Foods and Organs… So Much Alike!
Have you ever noticed how certain foods are strangely similar in shape to some of our own organs? A few months ago, a colleague of mine made me read a column titled God’s Pharmacy, which used this similarity to explain the role of nutrients. This article inspired me to share with you the three most striking comparisons…
The tomato is the portrait of the heart
Cut a tomato in half and look at the inside part: heart-shaped, red, with distinct chambers! Moreover, the tomato owes its color to lycopene, an antioxidant also found in watermelon, grapefruit, and papaya. According to the Heart & Stroke Foundation of Quebec, antioxidants could prevent heart disease by reducing cholesterol oxidation in the bloodstream. Before you run off to the local market to buy a full crate of tomatoes, you should know that ALL vegetables and fruits contain various antioxidants. Consume at least 5 servings each day, and vary their type to get the maximum benefits!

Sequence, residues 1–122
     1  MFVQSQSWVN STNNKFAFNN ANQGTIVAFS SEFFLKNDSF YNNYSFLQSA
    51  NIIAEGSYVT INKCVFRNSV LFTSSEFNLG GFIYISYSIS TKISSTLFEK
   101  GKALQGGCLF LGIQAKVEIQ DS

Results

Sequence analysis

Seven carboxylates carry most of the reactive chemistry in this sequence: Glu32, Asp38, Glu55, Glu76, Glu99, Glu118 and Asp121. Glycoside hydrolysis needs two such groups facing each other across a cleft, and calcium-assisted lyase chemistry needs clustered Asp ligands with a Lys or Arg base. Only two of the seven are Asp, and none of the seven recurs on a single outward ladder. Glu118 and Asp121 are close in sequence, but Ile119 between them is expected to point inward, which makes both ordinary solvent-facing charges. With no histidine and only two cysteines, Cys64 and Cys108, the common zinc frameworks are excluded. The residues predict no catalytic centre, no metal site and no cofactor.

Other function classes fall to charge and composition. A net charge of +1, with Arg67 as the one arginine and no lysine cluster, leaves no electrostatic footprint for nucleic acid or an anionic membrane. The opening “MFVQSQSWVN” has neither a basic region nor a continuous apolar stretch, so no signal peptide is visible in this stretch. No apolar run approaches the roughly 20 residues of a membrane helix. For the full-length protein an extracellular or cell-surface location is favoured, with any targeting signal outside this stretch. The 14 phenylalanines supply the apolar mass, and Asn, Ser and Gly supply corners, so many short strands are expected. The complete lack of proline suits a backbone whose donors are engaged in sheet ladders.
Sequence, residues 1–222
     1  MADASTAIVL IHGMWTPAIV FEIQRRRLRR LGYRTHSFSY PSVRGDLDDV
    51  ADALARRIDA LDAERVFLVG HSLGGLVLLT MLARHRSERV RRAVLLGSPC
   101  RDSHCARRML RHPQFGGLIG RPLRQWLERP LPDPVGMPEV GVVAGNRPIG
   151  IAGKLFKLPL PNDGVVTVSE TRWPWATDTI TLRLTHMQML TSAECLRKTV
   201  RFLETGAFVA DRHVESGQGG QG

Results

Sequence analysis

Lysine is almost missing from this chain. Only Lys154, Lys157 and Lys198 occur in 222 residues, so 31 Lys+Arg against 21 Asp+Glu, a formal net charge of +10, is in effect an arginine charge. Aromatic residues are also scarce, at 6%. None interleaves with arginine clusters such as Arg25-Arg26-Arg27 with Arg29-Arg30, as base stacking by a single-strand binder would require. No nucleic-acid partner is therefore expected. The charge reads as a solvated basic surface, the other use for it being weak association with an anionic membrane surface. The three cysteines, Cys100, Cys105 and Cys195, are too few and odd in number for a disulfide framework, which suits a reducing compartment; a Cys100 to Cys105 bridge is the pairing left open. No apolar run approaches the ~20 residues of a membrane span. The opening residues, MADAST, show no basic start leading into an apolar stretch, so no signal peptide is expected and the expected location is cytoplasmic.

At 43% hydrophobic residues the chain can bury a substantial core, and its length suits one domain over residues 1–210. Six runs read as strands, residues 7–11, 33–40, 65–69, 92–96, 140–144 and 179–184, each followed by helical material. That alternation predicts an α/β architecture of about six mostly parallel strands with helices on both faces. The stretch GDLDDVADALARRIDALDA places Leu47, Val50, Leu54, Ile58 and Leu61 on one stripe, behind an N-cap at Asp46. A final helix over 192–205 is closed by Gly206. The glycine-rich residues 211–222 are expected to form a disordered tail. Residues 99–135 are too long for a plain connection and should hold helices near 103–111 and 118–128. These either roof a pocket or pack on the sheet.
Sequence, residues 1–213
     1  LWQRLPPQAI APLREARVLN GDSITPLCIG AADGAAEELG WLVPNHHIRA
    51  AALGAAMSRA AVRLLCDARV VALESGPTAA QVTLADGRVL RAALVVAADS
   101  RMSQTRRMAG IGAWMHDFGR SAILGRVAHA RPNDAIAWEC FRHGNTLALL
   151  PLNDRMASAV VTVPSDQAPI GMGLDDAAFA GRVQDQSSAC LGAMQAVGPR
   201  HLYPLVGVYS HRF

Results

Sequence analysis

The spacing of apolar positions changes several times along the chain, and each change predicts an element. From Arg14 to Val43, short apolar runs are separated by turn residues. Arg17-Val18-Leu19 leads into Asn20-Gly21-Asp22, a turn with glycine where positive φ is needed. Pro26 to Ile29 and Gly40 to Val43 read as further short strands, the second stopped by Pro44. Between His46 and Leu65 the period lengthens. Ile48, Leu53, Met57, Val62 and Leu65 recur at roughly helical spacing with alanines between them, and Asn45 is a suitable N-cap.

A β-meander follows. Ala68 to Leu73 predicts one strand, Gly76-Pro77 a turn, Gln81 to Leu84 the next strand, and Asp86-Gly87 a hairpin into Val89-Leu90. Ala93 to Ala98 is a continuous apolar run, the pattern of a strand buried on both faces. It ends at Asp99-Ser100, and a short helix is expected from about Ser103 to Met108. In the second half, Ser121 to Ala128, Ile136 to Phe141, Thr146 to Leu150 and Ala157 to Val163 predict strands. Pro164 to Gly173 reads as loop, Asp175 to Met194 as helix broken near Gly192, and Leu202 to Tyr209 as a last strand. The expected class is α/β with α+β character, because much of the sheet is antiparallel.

Walnuts look like miniature brains…
Once shelled, walnuts are made of two parts connected through their center, just like the hemispheres of our brain! Even more surprising is the fact that these nuts contain polyunsaturated fats of the omega-3 group (those we also call good fats), which contribute to the development of the brain, nervous system, and eyesight. The problem is that omega-3 fats from plant sources (walnuts, as well as the oil and seeds of linseed, hemp, soy, etc.) cannot be used as efficiently by the body as those from marine sources, i.e., fatty fish (salmon, herring, mackerel, trout, etc.). You should prefer the latter, but walnuts can still help us meet our polyunsaturated fats requirements.
…and red beans like a liver!
The liver is responsible for eliminating cholesterol, thanks to the bile it produces. Red beans, also called red kidney beans, can also help reduce cholesterol. Their soluble fiber binds to cholesterol, preventing our body from absorbing it, and other legumes (chickpeas, lentils, soy, Lima beans, white beans, etc.) act just the same! Add-them to your soups, salads, spaghetti sauces and chili, or puree them to create a delicious spread!
By Vanessa Martin